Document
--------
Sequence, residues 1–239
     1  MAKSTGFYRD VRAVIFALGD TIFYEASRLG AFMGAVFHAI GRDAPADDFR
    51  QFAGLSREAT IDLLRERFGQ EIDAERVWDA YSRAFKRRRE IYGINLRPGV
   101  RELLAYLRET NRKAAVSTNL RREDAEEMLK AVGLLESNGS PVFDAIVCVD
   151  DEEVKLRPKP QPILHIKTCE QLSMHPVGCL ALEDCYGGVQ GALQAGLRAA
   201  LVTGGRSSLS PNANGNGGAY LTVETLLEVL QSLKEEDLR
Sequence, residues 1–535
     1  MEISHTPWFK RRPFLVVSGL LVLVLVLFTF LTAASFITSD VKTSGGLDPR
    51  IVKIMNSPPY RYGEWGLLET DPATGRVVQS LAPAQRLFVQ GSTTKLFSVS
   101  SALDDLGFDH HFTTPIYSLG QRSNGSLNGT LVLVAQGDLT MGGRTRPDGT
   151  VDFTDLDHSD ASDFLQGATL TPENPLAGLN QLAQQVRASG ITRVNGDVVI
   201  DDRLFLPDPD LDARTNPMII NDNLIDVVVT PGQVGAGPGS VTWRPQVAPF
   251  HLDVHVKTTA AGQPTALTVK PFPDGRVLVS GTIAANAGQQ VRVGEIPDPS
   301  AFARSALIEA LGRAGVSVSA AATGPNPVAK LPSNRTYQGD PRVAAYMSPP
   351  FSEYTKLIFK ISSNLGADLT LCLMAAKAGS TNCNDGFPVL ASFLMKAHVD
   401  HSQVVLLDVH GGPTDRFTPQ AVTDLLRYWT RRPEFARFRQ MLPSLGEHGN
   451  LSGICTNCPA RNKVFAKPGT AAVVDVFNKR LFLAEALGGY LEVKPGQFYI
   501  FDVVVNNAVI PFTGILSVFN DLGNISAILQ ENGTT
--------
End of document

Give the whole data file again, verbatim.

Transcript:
Sequence, residues 1–239
     1  MAKSTGFYRD VRAVIFALGD TIFYEASRLG AFMGAVFHAI GRDAPADDFR
    51  QFAGLSREAT IDLLRERFGQ EIDAERVWDA YSRAFKRRRE IYGINLRPGV
   101  RELLAYLRET NRKAAVSTNL RREDAEEMLK AVGLLESNGS PVFDAIVCVD
   151  DEEVKLRPKP QPILHIKTCE QLSMHPVGCL ALEDCYGGVQ GALQAGLRAA
   201  LVTGGRSSLS PNANGNGGAY LTVETLLEVL QSLKEEDLR
Sequence, residues 1–535
     1  MEISHTPWFK RRPFLVVSGL LVLVLVLFTF LTAASFITSD VKTSGGLDPR
    51  IVKIMNSPPY RYGEWGLLET DPATGRVVQS LAPAQRLFVQ GSTTKLFSVS
   101  SALDDLGFDH HFTTPIYSLG QRSNGSLNGT LVLVAQGDLT MGGRTRPDGT
   151  VDFTDLDHSD ASDFLQGATL TPENPLAGLN QLAQQVRASG ITRVNGDVVI
   201  DDRLFLPDPD LDARTNPMII NDNLIDVVVT PGQVGAGPGS VTWRPQVAPF
   251  HLDVHVKTTA AGQPTALTVK PFPDGRVLVS GTIAANAGQQ VRVGEIPDPS
   301  AFARSALIEA LGRAGVSVSA AATGPNPVAK LPSNRTYQGD PRVAAYMSPP
   351  FSEYTKLIFK ISSNLGADLT LCLMAAKAGS TNCNDGFPVL ASFLMKAHVD
   401  HSQVVLLDVH GGPTDRFTPQ AVTDLLRYWT RRPEFARFRQ MLPSLGEHGN
   451  LSGICTNCPA RNKVFAKPGT AAVVDVFNKR LFLAEALGGY LEVKPGQFYI
   501  FDVVVNNAVI PFTGILSVFN DLGNISAILQ ENGTT